Accessible Content Creation – Content Structure

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Hey, this is Nick again with the Accessible Content Creation series. Previously, I talked about accessibility as it relates to headings. If you haven’t been through that part of the accessible content series, it’s a good idea to learn about semantic headings before getting into the rest of the content structure.

The important thing to understand is that good content structure is easy for all users to consume.

This means long blocks of text should be avoided when possible. Instead, use:

  • Shorter paragraphs
  • Headings
  • Lists
  • Blockquotes
  • Other elements to break up the text.

These are all very easy to use in WordPress. Let’s look at this section in the block editor. 


Paragraphs are the starting point for content in the block editor. When you add a block without selecting which block to use, it defaults to a paragraph. These are great for putting together sentences. 

The issue is, long paragraphs can be difficult to read. Low vision users as well as users with certain reading disabilities and even ADD/ADHD can be lost in a long paragraph.

 Let’s break up the long introduction paragraph. I click just before “This means long…” to set my cursor position. Now I press the enter key to create a new paragraph at that point. 

The two new paragraphs are shorter and easier to read.


We’ve already discussed how to use headings, but another tip for  breaking up content is to use lists.

Lists can be ordered and unordered. An ordered list starts with numbers, letters, or roman numerals. These are generally used for information where the order matters. A good example would be recipe instructions. 

Unordered lists start with a bullet, circle, dash, or another  generic icon. These are great where the order isn’t as important.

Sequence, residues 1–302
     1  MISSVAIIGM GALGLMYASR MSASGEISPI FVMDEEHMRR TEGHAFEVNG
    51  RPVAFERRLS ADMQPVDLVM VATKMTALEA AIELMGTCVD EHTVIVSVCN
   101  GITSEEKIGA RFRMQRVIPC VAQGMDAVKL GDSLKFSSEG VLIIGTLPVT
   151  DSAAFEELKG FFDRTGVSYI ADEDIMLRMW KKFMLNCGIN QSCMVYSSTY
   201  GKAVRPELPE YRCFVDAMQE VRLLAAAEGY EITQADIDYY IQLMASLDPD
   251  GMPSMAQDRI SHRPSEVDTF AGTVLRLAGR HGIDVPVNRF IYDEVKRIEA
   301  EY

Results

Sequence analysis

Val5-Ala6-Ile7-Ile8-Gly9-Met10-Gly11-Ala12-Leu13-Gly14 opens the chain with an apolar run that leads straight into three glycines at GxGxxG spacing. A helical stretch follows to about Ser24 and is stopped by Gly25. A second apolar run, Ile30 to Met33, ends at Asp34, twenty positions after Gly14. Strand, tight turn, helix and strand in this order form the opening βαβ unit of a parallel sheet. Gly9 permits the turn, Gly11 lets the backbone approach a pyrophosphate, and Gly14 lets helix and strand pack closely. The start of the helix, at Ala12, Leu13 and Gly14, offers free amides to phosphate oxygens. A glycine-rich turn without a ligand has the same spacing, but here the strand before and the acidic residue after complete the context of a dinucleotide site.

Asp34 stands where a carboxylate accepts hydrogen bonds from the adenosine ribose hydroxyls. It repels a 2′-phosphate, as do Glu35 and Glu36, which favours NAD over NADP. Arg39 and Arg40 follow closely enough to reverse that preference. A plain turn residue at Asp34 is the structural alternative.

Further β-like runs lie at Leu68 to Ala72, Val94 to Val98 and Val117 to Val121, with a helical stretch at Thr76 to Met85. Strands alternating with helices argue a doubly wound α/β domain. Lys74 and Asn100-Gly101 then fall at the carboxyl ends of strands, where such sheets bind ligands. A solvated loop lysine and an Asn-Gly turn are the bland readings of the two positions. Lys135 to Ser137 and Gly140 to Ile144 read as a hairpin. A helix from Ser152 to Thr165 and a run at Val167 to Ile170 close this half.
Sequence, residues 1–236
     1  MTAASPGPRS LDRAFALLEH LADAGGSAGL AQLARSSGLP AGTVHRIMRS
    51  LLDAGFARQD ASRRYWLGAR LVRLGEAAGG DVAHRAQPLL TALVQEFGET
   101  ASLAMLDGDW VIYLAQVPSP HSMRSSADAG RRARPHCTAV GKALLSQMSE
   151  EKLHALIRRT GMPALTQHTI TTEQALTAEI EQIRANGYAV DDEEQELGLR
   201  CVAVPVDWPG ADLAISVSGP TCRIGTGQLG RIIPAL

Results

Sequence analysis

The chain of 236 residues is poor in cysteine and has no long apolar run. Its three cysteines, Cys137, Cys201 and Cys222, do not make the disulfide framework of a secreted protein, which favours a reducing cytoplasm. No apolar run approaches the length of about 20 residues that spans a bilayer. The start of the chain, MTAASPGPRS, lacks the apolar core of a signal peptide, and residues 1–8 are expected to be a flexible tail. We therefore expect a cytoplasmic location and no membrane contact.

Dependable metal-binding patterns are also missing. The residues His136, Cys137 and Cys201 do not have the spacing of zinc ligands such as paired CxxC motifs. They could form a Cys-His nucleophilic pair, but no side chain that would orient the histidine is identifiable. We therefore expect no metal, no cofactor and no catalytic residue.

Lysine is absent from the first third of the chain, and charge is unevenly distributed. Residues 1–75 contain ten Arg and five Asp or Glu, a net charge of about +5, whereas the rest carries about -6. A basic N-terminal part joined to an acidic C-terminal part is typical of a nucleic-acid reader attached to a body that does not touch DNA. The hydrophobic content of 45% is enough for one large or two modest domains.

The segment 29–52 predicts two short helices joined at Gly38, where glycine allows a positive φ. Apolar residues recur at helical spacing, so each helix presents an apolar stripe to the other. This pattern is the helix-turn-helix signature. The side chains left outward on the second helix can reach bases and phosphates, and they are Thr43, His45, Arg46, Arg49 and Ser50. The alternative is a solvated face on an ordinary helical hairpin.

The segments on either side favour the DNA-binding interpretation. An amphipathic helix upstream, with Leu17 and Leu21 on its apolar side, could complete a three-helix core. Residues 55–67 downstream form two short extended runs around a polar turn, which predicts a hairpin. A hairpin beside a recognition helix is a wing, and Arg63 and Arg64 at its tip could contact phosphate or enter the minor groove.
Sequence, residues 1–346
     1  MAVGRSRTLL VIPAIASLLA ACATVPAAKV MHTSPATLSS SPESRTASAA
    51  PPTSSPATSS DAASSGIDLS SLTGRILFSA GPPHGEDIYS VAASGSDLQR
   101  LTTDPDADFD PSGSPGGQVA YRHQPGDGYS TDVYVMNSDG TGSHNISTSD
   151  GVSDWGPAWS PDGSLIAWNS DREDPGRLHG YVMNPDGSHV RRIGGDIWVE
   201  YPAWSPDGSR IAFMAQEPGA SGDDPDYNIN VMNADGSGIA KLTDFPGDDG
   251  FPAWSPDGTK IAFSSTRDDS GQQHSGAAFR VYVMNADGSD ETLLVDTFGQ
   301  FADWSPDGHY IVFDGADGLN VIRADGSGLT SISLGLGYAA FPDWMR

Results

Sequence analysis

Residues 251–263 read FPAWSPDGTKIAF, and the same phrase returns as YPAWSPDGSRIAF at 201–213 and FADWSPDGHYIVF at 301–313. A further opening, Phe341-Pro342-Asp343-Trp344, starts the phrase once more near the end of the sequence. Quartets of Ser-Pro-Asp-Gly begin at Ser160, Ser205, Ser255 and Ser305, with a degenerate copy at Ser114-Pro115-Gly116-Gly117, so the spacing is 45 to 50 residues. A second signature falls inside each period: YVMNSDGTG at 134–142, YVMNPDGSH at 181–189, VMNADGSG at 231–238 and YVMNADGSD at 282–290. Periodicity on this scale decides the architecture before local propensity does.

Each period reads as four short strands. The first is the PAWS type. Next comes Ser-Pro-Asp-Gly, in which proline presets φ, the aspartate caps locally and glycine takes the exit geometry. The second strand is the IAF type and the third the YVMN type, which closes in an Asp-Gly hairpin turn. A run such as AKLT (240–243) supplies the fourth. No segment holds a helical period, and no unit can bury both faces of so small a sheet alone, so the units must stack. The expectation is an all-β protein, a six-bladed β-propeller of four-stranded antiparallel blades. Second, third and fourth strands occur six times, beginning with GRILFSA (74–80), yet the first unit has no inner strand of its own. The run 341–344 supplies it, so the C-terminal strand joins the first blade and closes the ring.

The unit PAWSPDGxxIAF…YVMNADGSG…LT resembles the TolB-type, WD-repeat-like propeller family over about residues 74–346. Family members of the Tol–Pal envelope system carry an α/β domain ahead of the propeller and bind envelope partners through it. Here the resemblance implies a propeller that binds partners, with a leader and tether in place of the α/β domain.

I can convert the introduction paragraph to use a list instead of a long text string.

Watch as I click the paragraph and put the cursor right after “Instead use.” I’m going to put a colon there because this will be the start of a list. Then I press enter. Now I’m going to put the cursor right before the text “These are all very easy to use…” and press enter to create a new paragraph.

Next, I can go back to the paragraph that starts with “shorter paragraphs” and use the “change block” control to switch this to a list. I’ll capitalize the first word of each element and remove punctuation. Then  press enter at the start of each item and presto listo, there’s a list.


Now I’ll be adding a blockquote. Sometimes these are referred to as “pull quotes” or “long quotes”. They are  used in magazines to quote text that is elsewhere in the article and can be used with or without a citation. Let’s insert one right after this paragraph.

Blockquotes or pull quotes are a great way to break up content and draw the reader to important ideas. They can be used for long quotes as well. When used for a long quote, it is possible to provide a citation.

Remember to use blockquote blocks for actual blockquotes. It’s ok to use a pull quote to draw attention to some text, but do not just use them for design changes. They have a meaning. Specifically, the markup used when you make a blockquote indicates this is a kind of “quote” so there should be quoted content. A pull quote “pulls” content from elsewhere in a document and quotes it. A long quote is text that is a direct quote or paraphrase from a source that is cited. If the goal is to just markup some text, use the text controls to set color, background, font size, and weight.

This covers the most common content items you will use. While there are many other blocks, most blocks use some combination of these controls, do not have accessible content structure meaning, or will be covered in a later tutorial for specific details, like when I talk about alternate text and media.

One important content control that is often misused and abused is the table element. I’ll be covering that next time.

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